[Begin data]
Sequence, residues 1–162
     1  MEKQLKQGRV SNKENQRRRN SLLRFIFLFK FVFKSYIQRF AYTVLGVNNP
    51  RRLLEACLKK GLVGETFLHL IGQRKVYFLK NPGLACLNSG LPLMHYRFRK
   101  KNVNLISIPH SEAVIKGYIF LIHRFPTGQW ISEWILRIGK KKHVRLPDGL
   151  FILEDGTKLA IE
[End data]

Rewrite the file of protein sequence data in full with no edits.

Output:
Sequence, residues 1–162
     1  MEKQLKQGRV SNKENQRRRN SLLRFIFLFK FVFKSYIQRF AYTVLGVNNP
    51  RRLLEACLKK GLVGETFLHL IGQRKVYFLK NPGLACLNSG LPLMHYRFRK
   101  KNVNLISIPH SEAVIKGYIF LIHRFPTGQW ISEWILRIGK KKHVRLPDGL
   151  FILEDGTKLA IE